]. It has a value between +1 and −1, where 1 is a total positive correlation and −1 is a total negative correlation. The correlation reflects the noisiness and direction of a relationship, but not the slope of that relationship, nor many aspects of nonlinear relationships. There is no general consensus on the classification of the relationship for different coefficients. In this work, the criteria reported in Table 1
The concept of skin microbiota was practically unknown until the early 2000s, and up to now only very few scientific papers have reported on correlations between the composition of the cutaneous microbiota and skin biophysical parameters. This work aims to provide a scientific protocol in order to investigate the microbial bacterial distribution on skin in correlation with biophysical skin parameters.
The microbiota is very different among individuals, depending on intrinsic and extrinsic factors. In the present work, extrinsic factors, including normal living habits such as occupation, the environment in which the individual lives, the presence of pets and diet, were investigated through a questionnaire. Another factor in determining bacterial variability could be the use of disinfectant in clothes washing.
The main focus of this work was to maximally limit individual variability, which has been shown to be one of the most important challenges in in vivo skin microbiota evaluation.
The new approach to the recruitment of volunteers on the basis of a specific questionnaire permitted us to obtain a very similar panel of subjects in terms of lifestyle.
The skin microbiota sampling method chosen demonstrated that with only three uses of tape stripping, the bacteria on the skin can be collected and analyzed, using a very fast and non-invasive method, thus avoiding any invasive method such as skin biopsy and increasing the compliance of volunteers.
The skin biophysical parameters were also investigated in order to demonstrate that they remain constant in a homogenous panel of volunteers over 15 days without changes in lifestyle.
The simultaneous analyses carried out on the forehead and on the shoulder aimed not only to evaluate the composition of commensal bacteria present on healthy skin but also to verify the possibility of keeping an area as a monitor for individual variability. The skin area tested was the forehead, because a great many studies concerning microbiota were focused on face microbial dysbiosis. Furthermore, a control area for each volunteer was defined and investigated. In fact, in this way it would be possible to control over time the parameters defined as a baseline for each volunteer and then to investigate the modification of biophysical parameters and microbiota in the area with skin alteration. In this way, it is possible to observe how they vary according to a particular skin disease and according to its severity index.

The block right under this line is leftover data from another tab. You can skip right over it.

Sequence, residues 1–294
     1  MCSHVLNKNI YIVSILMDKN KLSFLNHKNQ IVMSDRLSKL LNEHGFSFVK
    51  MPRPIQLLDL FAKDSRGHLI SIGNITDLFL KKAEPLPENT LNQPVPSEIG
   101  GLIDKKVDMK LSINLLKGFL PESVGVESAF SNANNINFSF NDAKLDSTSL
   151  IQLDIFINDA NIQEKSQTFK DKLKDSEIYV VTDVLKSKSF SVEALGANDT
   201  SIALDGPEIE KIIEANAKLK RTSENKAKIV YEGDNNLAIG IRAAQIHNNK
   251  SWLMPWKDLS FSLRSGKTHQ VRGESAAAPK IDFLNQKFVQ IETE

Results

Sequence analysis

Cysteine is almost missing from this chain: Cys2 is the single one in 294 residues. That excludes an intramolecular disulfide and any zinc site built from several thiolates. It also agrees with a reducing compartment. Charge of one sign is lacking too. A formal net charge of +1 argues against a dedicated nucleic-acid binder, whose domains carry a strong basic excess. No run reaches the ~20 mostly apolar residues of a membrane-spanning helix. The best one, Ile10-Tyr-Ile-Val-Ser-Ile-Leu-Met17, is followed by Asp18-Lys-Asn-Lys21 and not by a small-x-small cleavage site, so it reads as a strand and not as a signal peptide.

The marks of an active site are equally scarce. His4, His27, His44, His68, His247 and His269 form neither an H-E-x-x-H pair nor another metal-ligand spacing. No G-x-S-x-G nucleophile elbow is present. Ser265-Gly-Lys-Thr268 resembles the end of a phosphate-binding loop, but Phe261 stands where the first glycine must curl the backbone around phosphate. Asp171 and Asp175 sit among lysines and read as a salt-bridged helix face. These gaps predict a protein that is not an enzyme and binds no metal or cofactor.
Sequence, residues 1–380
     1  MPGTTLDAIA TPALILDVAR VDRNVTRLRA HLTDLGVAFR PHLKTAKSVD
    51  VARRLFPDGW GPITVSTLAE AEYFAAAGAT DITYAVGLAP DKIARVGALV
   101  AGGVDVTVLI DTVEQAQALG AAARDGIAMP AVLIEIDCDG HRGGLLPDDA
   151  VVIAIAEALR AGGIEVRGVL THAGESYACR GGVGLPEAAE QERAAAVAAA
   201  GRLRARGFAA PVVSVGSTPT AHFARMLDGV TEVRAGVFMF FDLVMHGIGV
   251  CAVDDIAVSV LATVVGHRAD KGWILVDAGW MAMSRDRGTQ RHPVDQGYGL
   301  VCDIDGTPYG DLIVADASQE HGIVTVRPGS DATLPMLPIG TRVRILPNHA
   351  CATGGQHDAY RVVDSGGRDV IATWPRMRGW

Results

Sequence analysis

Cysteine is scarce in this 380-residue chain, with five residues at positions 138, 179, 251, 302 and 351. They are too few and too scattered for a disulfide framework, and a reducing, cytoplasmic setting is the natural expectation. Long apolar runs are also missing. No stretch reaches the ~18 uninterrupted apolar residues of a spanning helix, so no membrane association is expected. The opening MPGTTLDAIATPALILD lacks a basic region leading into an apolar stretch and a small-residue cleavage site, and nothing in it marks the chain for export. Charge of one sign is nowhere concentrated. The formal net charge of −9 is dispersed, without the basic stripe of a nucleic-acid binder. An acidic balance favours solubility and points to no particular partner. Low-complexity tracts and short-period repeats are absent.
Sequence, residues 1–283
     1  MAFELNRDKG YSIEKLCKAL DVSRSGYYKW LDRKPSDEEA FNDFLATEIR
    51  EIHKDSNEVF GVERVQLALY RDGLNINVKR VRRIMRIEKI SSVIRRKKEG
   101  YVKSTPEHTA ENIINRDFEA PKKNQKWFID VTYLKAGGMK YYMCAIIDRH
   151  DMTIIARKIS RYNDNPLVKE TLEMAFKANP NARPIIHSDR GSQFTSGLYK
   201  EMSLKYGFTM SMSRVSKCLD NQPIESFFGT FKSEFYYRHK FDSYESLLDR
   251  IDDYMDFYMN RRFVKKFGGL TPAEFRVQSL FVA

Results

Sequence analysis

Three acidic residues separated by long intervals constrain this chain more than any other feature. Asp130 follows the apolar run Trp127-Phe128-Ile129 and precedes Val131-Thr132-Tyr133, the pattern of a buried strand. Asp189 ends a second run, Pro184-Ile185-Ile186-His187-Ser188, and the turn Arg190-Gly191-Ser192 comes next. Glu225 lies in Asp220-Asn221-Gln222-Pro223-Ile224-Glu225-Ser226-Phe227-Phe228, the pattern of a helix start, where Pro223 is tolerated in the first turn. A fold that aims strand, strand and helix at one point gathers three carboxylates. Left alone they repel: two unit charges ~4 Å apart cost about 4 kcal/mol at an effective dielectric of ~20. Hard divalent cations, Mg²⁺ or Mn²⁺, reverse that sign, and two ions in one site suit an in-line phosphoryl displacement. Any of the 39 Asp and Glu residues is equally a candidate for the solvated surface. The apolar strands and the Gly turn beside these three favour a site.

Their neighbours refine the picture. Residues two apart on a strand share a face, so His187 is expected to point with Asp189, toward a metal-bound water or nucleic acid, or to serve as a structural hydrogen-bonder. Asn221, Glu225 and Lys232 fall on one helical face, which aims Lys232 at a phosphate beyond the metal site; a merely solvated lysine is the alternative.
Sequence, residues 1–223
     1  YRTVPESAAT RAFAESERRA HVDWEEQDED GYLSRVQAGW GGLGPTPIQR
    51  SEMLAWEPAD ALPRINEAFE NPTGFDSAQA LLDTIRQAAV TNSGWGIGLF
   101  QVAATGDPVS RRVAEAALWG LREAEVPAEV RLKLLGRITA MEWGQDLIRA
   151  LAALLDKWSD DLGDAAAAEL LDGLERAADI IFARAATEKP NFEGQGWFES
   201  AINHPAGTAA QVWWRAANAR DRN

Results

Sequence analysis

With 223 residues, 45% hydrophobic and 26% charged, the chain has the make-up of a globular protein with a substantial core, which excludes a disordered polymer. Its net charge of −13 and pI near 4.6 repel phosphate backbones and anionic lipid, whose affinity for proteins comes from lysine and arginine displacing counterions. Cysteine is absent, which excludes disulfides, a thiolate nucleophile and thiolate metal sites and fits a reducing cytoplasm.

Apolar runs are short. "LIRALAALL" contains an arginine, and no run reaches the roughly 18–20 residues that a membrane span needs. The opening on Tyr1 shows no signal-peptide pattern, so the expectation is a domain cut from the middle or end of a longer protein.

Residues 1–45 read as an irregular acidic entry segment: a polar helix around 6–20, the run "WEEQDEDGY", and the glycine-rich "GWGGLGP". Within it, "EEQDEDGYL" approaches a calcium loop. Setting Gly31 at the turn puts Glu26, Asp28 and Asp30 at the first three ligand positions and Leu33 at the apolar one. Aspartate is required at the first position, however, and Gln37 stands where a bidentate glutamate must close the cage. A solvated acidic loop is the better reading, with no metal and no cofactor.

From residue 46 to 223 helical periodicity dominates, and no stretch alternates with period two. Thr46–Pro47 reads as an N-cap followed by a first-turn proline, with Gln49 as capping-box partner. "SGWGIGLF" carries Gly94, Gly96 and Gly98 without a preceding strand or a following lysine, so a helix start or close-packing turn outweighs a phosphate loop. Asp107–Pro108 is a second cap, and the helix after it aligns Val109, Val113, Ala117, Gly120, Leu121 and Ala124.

The shoulder was chosen as a control area for the forehead area because a similar skin microbial composition has been reported in the literature [7
]. A strong correlation was found between the forehead and shoulder areas for porphyrin intensity, pH and TEWL parameters, showing that these parameters in the shoulder area could be used as an intraindividual control during a clinico-instrumental evaluation study for a face treatment.
The main phyla present on the skin, as reported in the literature, are Actinobacteria, Proteobacteria and Firmicutes. From the data obtained through the analyses of microbiota, it is observed that the species most represented are Cutibacterium acnes, Staphylocuccus aureus and Corynebacterium species. Cutibacterium acnes on the skin of healthy volunteers represents the commensal species that help to establish the correct balance of microbial flora. The other species can be considered secondary in characterizing the skin microbiota. Even for this data, the shoulder had demonstrated correlated analyses.
A new and very important result obtained from this work was the strong positive correlation between Cutibacterium acnes and some biophysical parameters both in the forehead and the shoulder area. This statistical correlation has never before been reported in in vivo study in literature. However, it is important to take into account these results, especially when evaluating a specific skin disease, such as acne vulgaris. In fact, it is likely that, in acneic skin, porphyrin quantity, intensity and size will be much higher, as more bacteria will be present, producing more porphyrins, more irritation and inflammation, and also leading to a growth of pores, which will be filled with pus and an excess of sebum.
Finally, the study also showed that biophysical parameters as well as microbial composition did not change over 15 days, without any change in the lifestyle of the volunteers. These results are very important, because it is well known that healthy skin is able to maintain microbial distribution, as well as that of some biophysical parameters, on an even level over time. Thus these results demonstrated that the study was properly carried out and that the same procedure would be employed to evaluate any case of dysbiosis.
This work demonstrated that an in vivo protocol for testing both skin microbiota and biophysical parameters was successfully obtained.
The procedure described in this work, based on a specific questionnaire and analyses of biophysical parameters as well as of skin microbial distribution, yielded reliable and reproducible data.
With the new protocol proposed in this work, it is possible to collect bacterial flora on healthy individuals without an invasive method. Moreover, it was demonstrated that, with the forehead as test area, the shoulder is an adequate control area in the investigation of microbial composition and biophysical parameters.
Thus, this method accurately shows the capability of healthy skin to maintain skin-barrier function, hydration and a commensal bacteria colonization over time, avoiding dysbiosis, when any change in lifestyle occurs.
The procedure set up in this work, which was carried out on healthy volunteers without any skin problems, represents the starting point for the evaluation of problematic skin affected by a disease such as acne vulgaris, atopic dermatitis and rosacea, and the efficacy of cosmetic products or the treatment of dysbiosis.